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Sports Heroes Who Served: Rodeo and Film Star Slim Pickens Also Served in the Army During World War II

May 4, 2021 | BY Dave Vergun , DOD News

Sports Heroes Who Served is a series that highlights the accomplishments of athletes who served in the U.S. military.

Louis Burton Lindley Jr., born June 29, 1919, in Kingsburg, California, is better known by his stage name Slim Pickens.

He grew up on a dairy farm where there were a lot of daily chores. Pickens grew restless with farm life, and as a teenager, he enjoyed going to the rodeo to ride broncos and rope steers.

A cowboy actor poses for a photo.
Slim Pickens
Slim Pickens, in 1972, on a Hollywood western set.
Photo By: Courtesy of Slim Pickens
VIRIN: 720127-O-XT155-001

His father didn't approve of his rodeo gig and wanted him to concentrate on farming instead.

As a result, Pickens sneaked off to the rodeo, going by the nickname Slim Pickens, to ensure his father wouldn't be able to track his whereabouts.

After high school, Pickens continued in the rodeo as a clown, a bullfighter and as a member of the Cowboy's Turtle Association, the forerunner of the Rodeo Cowboys Association and today's Professional Rodeo Cowboys Association. According to the ProRodeo Hall of Fame, the organization was named the Cowboys Turtle Association because they were slow to organize, but eventually "stuck their neck out." The organization wanted to ensure fair prize money, equality in judging and honest advertising of the sport. 

As a rodeo clown and bullfighter, he appeared in top venues like The Cow Palace, The Calgary Stampede, Cheyenne Frontier Days and the Pendleton Round-up.

During World War II, he enlisted in the Army. When the recruiter asked him his profession, he told him "rodeo." The recruiter, being hard of hearing, thought he said "radio," and assigned him to an Army radio station in the Midwest, where he remained for the duration of the war.

Men dressed as military members talk on a movie set.
Plan R
Actors (from left) Air Force Capt. “Ace” Owens (Shane Rimmer), Air Force 1st Lt. Dietrich (Frank Berry) and Air Force Maj. T. J. “King” Kong (Slim Pickens) about to open Wing Attack Plan R in Stanley Kubrick’s 1964 film, "Dr. Strangelove."
Photo By: Courtesy of Slim Pickens
VIRIN: 640127-O-XT155-002

The 1950s and 1960s were the heyday of cowboy and western films and TV series. Nearly all the actors who played these parts had never been cowboys or even knew how to ride horses, and stuntmen usually doubled for them in difficult riding scenes. But Pickens was different.

Pickens got noticed in Hollywood for his rodeo skills, riding ability, rugged looks and natural cowboy way of speaking and soon got parts in films such as the "Western Rocky Mountain" (1950) starring Errol Flynn; "Old Oklahoma Plains" (1952); "Down Laredo Way" (1953); "Tonka" (1959); "One-Eyed Jacks" (1961) with Marlon Brando; "Major Dundee" (1965) with Charlton Heston; "Stagecoach" (1966); "An Eye for an Eye" (1966); "Never a Dull Moment" (1968); "The Cowboys" (1972) with John Wayne; "The Getaway" (1972) with Steve McQueen; "Pat Garrett and Billy the Kid" (1973); "Ginger in the Morning" (1974); "Blazing Saddles" (1974); "Rancho Deluxe" (1975); "Beyond the Poseidon Adventure" (1979); and "Tom Horn" (1980).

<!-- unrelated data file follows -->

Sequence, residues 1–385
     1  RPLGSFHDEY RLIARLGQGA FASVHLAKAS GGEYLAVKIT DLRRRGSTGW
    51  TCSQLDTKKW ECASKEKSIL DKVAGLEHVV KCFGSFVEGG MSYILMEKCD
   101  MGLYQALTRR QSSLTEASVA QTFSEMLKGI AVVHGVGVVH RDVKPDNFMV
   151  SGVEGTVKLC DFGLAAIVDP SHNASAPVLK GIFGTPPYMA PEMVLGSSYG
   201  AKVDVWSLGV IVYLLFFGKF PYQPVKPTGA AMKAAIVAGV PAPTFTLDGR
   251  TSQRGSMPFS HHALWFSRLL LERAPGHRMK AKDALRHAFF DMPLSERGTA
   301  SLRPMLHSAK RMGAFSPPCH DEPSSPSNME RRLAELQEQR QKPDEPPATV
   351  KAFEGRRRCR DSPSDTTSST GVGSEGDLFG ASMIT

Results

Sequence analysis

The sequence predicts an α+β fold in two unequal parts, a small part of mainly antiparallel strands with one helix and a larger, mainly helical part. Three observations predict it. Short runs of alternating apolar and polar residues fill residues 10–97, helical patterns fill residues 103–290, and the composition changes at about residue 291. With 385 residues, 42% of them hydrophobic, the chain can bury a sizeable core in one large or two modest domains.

The most memorable role for Pickens was in the 1964 dark comedy, "Dr. Strangelove," in which he played a B-52 bomber pilot who rides rodeo-style astride a hydrogen bomb, that is dropped on a Soviet city, starting World War III.

An actor, with a cowboy hat and dressed in a flight suit, rides a bomb.
Riding the Bomb
Slim Pickens as B-52 Bomber pilot Air Force Maj. T. J. "King" Kong, in the 1964 movie "Dr. Strangelove or: How I Learned to Stop Worrying and Love the Bomb," a dark comedy satirizing the Cold war and fears of nuclear conflict.
Photo By: Courtesy of Slim Pickens
VIRIN: 640127-O-XT155-001

Pickens also appeared in many TV series, including: "The Man From U.N.C.L.E.," "The Wide Country," "Gunsmoke," "Bonanza," "Hee Haw," "The Virginian," "Route 66," "The Lone Ranger," "Maverick," "The Love Boat" and "Kung Fu."

Pickens lived with his wife in Columbia, California, not more than 150 miles from where he was born. He died on Dec. 8, 1983, after surgery for a brain tumor. He was 64.

Pickens' universal appeal and enduring renown in a uniquely American profession — the American cowboy — manifests in the accolades he has received from the many institutions that pay tribute to that heritage. 

Actors talk on a Western set. There is a horse between them.
"Wild Jack" Monroe
Mary Tyler Moore as Mary Richards and Slim Pickens as "Wild Jack" Monroe, owner of WJM-TV, from the TV series "The Mary Tyler Moore Show," sometime in 1971.
Photo By: Courtesy of Slim Pickens
VIRIN: 710127-O-XT155-002

In 1982, Pickens was inducted into the Western Performers Hall of Fame at the National Cowboy & Western Heritage Museum in Oklahoma City, and in 1986, Pickens was further honored by posthumous induction into the Rodeo Historical Society's Rodeo Hall of Fame at the NC&WHM.

In 2005, Pickens was posthumously inducted into the ProRodeo Hall of Fame in Colorado Springs, Colorado, for his work as a rodeo clown, and in 2006, Pickens was inducted into the Pendleton Round-Up and Happy Canyon Hall of Fame in Pendleton, Oregon.

In 2020, Pickens was posthumously inducted into the Ellensburg Rodeo Hall of Fame in Ellensburg,  Washington.

Perhaps one of the greatest tributes of all is the lifelong honor that only a younger brother can provide an older sibling:  Samuel, Pickens' younger brother, was also an actor and went by the stage name Easy Pickens.

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